I realize that this is probably not like most of the other entries where people go to great lengths to describe the art and what made it so meaningful to them, but that’s not why I picked this game. I picked it because even though I never finished the game and I certainly do not have the same care for it as I do a game that I would consider one of my favorites, certain visuals still stick with me to this day. I remember being scared to walk down the halls of that creepy mansion in the game because even though the mansion itself seemed kind of normal or I guess as normal as a mansion can be, if your character’s sanity was low enough, it was anything but normal.

Narrative & Gaming: What Do You Theme?

While pondering on this week’s blog subject I found myself just thinking for far too long. What kind of themes in games do I like? Which kind do I not like? Ultimately, I found it very hard to really pick and choose. Not because I haven’t had good and bad experiences with themes, but because most of the time the gameplay mechanics and how a story comes together is what I end up enjoying or hating more than the overall theme of a game. We have discussed in class a few times that the theme of a game I have spent much time discussing, The Last of Us, is love. And I think in the case of that game, it works and it works very well. In the hands of less capable game makers, maybe it would not work so well.

Everyone enjoys a game, movie, television show, or book for a different reason than somebody else does. So, maybe for me a certain theme did not work, but that does not mean it didn’t work for someone else. That’s why it’s hard to decipher what is a good theme or a bad theme in a video game. I think it all depends on who is making the game. I’ll take an example from what we discussed all last week, BioShock: Infinite: though I don’t understand all the themes or even all the story in the game, I totally enjoyed the game. Personally, I think the themes that the game had may have worked better in some other form of fiction, probably a book, but I feel that everyone involved in that game deserved to try and tell a story with a deeper meaning in the video game format.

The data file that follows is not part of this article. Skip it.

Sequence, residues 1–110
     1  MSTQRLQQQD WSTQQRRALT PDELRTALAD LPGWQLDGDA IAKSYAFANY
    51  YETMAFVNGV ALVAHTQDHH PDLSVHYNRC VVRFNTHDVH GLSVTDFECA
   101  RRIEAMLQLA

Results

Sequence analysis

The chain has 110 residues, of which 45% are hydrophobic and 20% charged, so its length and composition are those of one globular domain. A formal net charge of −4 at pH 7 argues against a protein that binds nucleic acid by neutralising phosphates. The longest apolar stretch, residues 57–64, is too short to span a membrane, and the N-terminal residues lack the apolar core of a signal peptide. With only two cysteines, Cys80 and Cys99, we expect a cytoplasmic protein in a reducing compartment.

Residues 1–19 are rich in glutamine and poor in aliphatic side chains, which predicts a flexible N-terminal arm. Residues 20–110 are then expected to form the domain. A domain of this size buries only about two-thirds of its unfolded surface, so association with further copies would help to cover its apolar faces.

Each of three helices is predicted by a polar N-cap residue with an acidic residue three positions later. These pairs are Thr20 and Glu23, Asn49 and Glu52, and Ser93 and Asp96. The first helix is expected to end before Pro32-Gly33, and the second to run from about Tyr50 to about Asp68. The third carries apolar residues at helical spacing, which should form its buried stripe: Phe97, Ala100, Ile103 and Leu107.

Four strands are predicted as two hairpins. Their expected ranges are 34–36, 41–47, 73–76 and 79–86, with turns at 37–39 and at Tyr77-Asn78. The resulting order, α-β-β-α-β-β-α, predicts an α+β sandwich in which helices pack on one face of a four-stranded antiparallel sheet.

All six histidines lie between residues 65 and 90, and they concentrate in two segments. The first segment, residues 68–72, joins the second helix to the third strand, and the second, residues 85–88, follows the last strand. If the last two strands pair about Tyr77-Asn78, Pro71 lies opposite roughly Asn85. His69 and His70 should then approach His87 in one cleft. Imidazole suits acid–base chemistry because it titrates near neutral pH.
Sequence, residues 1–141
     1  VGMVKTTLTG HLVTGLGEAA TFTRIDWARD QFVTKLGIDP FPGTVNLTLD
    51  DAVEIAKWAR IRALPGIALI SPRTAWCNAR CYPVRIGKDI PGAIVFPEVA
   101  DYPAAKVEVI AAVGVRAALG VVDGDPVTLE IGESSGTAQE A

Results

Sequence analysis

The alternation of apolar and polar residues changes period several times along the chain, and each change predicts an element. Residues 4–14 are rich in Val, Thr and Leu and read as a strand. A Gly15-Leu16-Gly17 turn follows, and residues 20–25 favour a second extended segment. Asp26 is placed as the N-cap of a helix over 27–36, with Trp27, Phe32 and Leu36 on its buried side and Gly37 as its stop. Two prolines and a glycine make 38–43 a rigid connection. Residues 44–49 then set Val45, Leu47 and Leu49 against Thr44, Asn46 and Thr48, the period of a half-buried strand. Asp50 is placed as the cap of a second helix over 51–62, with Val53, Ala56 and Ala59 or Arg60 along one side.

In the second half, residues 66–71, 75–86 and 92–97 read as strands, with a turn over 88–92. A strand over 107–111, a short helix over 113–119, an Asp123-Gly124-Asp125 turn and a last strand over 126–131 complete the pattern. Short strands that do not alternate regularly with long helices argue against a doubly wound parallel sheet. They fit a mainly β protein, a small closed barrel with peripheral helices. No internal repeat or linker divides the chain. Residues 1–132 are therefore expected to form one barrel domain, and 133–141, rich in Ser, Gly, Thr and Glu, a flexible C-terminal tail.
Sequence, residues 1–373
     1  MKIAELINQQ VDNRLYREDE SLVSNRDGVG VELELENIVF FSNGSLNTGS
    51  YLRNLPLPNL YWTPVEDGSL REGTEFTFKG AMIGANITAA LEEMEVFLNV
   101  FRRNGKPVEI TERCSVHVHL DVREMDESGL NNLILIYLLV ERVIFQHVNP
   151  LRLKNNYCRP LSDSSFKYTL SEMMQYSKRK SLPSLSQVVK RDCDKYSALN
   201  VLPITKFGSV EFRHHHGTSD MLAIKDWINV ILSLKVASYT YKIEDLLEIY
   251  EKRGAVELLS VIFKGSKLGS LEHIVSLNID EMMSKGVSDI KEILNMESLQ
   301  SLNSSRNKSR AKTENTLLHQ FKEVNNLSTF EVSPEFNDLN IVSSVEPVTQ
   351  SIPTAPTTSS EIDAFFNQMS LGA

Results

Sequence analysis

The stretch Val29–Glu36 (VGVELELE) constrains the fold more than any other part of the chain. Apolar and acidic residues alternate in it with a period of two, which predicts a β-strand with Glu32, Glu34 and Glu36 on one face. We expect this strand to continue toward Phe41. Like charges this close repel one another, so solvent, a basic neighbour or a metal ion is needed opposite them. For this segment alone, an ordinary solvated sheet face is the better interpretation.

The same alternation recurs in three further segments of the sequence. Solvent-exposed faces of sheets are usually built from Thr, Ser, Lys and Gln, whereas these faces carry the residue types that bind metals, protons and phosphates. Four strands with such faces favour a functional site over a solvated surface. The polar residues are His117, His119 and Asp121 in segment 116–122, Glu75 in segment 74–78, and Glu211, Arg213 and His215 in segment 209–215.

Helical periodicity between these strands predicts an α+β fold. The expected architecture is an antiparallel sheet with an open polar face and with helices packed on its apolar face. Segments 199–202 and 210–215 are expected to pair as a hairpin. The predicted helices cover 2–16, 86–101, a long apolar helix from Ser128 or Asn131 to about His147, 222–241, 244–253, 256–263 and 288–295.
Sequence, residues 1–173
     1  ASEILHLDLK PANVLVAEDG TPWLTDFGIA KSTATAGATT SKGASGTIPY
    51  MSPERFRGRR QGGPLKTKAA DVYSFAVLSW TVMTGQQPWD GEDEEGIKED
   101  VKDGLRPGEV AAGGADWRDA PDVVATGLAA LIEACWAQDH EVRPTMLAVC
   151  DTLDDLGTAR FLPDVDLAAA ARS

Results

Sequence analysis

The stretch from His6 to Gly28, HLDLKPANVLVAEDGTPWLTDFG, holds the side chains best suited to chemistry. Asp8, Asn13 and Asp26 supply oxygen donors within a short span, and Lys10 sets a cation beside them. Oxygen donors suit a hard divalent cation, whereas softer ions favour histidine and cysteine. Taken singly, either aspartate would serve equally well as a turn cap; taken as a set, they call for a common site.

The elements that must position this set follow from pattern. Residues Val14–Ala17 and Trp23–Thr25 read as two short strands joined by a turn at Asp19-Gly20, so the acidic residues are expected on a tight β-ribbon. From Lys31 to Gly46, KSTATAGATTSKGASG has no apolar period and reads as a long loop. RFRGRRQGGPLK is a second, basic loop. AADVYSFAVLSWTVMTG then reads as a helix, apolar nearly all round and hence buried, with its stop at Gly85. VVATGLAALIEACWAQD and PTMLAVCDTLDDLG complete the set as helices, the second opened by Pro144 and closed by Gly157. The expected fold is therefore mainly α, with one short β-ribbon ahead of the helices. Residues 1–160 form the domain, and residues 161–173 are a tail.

For better or worse, games are going to have to explore many options and try new things with themes and narratives in order to be taken more seriously as an art form. However, that means that sometimes a game is going to fail in its intentions to create something more meaningful or the theme may fall flat. It does not mean a developer or game designer should give up, it means that they should learn from their mistakes and try again. A game can work for many reasons, but it can also fail for many reasons. There are people who will always only want to just play a game as quickly as possible and try and kill as many people as they can, but there are also those people who will continue to play games multiple times trying to find the deeper meaning or looking for Easter eggs and other things they may have missed. Games are so very hard to fit in with other forms of storytelling because we as players live those characters, and though I know people who claim they can do that with books, I think it goes even deeper in games because you literally become that character and try and think like that character and when the game gives you a  choice that will impact the future of the game, you really think, “well, what would this character do?”

Some themes work better than others, just like some genres work better than others, some games are universally adored and other games maybe everyone but you hates. So, I believe that all themes in games are good if done properly and can affect some people, and they’re bad if they don’t relay the message the developers intended or if it doesn’t connect with at least one person.